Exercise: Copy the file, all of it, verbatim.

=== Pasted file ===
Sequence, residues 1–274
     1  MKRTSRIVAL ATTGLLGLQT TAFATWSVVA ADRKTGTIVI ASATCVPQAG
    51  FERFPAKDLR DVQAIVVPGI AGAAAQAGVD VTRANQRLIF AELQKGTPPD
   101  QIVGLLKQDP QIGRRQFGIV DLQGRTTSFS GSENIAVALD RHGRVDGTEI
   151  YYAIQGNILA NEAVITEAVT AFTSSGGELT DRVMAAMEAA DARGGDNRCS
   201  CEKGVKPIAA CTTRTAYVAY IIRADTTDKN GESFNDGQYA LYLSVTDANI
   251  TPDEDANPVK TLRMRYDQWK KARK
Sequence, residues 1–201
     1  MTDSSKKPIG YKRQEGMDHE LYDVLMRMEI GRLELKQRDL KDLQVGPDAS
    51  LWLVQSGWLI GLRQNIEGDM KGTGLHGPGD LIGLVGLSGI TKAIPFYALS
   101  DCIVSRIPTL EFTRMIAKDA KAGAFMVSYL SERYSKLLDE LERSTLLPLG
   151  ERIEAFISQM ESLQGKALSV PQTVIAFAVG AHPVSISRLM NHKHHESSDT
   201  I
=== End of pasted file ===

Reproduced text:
Sequence, residues 1–274
     1  MKRTSRIVAL ATTGLLGLQT TAFATWSVVA ADRKTGTIVI ASATCVPQAG
    51  FERFPAKDLR DVQAIVVPGI AGAAAQAGVD VTRANQRLIF AELQKGTPPD
   101  QIVGLLKQDP QIGRRQFGIV DLQGRTTSFS GSENIAVALD RHGRVDGTEI
   151  YYAIQGNILA NEAVITEAVT AFTSSGGELT DRVMAAMEAA DARGGDNRCS
   201  CEKGVKPIAA CTTRTAYVAY IIRADTTDKN GESFNDGQYA LYLSVTDANI
   251  TPDEDANPVK TLRMRYDQWK KARK
Sequence, residues 1–201
     1  MTDSSKKPIG YKRQEGMDHE LYDVLMRMEI GRLELKQRDL KDLQVGPDAS
    51  LWLVQSGWLI GLRQNIEGDM KGTGLHGPGD LIGLVGLSGI TKAIPFYALS
   101  DCIVSRIPTL EFTRMIAKDA KAGAFMVSYL SERYSKLLDE LERSTLLPLG
   151  ERIEAFISQM ESLQGKALSV PQTVIAFAVG AHPVSISRLM NHKHHESSDT
   201  I